A satellite symposium sponsored by the HIV Forum, (associated with University of California, Berkeley) gave an overview of current knowledge. The panel had an interesting mix: a consumer, a cardiologist, an HIV specialist, and a statistician. A gentleman living with HIV since 1987 led the session with an effective presentation on increasing cardiovascular risk in PLWH regardless of the etiology (age, medications, HIV) and the need to focus on quality of life in the setting of the dramatic improvements in quantity of life since 1987. The potential risks included:
1. Underlying risks of a patient unrelated to HIV
2. Risks related to HIV infection (potentially due to inflammation related to HIV)
3. Risk related to HIV drugs.
The data to date highlighted the contradictory findings from observational studies, some of which showed increased risk related to HIV, some related to specific RVs (PIs, Abacavir for example), while others found no increased risk. Data from the large SMART study found increased risk in patients who stopped their medications and has raised considerable discussion about the potential risk, even early in HIV disease, of ongoing HIV viermia and potential inflammation. In the studies which found increased risk in PLWH, the risk from cigarette smoking was much greater, highlighting the need to address traditional risk factors as we wait for more definitive information on the role of specific ARVs and cardiovascular risk and if changes in treatment are indicated for everyone, for just folks with high baseline cardiovascular risk, or for no one at all.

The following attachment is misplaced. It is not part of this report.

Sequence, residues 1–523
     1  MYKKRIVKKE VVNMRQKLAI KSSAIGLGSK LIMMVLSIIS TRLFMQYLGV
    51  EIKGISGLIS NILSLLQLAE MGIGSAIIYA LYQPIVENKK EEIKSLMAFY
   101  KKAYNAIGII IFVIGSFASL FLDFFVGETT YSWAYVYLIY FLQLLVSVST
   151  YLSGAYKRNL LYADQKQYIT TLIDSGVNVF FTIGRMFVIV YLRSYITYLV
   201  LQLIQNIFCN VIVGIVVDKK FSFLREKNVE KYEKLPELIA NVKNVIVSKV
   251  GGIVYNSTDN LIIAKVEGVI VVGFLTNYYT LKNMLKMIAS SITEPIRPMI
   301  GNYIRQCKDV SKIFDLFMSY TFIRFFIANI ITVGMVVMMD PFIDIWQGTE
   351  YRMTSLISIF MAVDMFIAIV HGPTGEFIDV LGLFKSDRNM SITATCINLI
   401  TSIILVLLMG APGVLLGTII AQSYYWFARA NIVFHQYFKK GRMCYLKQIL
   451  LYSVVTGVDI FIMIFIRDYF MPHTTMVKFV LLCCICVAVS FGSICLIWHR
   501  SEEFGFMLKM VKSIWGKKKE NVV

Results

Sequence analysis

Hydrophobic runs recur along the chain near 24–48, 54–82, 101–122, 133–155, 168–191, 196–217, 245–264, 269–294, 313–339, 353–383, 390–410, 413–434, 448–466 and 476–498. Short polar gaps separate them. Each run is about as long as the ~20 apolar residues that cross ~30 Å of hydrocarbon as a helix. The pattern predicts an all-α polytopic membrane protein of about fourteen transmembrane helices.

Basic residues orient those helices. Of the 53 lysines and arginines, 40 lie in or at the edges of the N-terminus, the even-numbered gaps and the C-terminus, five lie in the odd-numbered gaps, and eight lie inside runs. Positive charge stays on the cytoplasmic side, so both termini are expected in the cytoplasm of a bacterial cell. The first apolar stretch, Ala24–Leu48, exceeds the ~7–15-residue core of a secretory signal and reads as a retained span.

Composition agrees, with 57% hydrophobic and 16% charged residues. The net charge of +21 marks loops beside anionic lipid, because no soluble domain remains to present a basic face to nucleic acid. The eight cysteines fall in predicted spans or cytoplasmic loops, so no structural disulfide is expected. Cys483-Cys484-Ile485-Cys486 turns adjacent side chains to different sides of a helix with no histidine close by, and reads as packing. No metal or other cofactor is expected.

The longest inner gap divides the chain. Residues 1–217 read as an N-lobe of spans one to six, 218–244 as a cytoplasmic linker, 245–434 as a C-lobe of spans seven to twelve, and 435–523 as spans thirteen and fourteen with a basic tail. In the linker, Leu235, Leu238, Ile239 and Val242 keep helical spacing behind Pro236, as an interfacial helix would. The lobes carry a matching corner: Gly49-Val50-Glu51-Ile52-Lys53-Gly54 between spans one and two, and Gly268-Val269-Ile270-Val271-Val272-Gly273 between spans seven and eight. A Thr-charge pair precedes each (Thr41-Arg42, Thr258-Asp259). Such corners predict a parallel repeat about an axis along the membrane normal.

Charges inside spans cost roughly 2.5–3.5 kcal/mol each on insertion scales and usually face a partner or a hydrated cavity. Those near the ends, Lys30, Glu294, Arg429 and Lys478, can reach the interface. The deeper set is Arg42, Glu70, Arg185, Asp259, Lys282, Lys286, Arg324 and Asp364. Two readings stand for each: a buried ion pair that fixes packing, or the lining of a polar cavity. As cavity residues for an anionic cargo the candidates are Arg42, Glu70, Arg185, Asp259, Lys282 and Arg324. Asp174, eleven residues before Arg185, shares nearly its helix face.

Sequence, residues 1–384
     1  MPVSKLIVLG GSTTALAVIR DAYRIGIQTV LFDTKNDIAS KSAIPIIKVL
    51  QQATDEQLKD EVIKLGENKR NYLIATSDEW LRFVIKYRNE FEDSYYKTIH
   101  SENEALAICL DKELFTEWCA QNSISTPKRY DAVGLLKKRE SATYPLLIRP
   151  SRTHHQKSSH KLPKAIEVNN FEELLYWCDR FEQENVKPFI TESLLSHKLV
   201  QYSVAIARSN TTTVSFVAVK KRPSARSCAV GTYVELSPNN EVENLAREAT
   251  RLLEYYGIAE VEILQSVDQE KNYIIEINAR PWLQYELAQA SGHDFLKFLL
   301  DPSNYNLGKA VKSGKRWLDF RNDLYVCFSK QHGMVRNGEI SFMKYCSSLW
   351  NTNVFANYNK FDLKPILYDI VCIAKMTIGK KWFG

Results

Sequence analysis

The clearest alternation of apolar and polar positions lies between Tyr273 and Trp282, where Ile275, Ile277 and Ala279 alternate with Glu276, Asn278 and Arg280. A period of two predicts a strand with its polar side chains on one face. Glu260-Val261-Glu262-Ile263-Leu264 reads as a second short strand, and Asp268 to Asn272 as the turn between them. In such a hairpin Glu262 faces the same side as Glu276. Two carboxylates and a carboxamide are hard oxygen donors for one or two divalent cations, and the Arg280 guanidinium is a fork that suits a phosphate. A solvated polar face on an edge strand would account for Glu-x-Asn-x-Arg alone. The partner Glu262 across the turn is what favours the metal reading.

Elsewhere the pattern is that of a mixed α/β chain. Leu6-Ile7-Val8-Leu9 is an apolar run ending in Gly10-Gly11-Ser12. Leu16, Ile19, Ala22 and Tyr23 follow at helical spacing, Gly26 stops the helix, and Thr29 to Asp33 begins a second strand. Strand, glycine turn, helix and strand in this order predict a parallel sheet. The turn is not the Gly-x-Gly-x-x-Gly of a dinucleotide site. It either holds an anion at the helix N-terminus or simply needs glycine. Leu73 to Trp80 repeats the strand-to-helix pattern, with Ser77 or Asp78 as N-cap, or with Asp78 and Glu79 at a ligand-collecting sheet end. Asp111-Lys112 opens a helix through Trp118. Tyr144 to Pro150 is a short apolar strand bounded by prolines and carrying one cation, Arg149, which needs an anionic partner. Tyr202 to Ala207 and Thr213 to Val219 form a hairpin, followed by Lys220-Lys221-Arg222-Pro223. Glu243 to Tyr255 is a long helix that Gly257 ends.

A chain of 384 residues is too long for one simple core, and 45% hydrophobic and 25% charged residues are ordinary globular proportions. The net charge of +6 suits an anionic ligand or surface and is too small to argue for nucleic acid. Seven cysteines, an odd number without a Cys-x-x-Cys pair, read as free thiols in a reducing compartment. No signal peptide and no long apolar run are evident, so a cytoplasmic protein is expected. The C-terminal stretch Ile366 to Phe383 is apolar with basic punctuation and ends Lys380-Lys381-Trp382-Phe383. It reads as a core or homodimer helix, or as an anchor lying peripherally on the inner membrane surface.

Currently there have been no clear guidelines in the dropping of Abacavir and selected PIs for first-line preferred regimens because of potential association with higher cardiovascular risk (they were dropped from preferred for other reasons). There has, however, been discussion if HAART should be started earlier to control viremia and potentially decrease cardiovascular risk. The European guidelines more specifically state that providers should-consider earlier initiation for patients with higher cardiovascular risk. Bottom line: HIV probably does increase risk but not as much as some of the more traditional modifiable risk factors (like smoking). Hopefully, in the future the START study results will show whether treatment practices should be changed.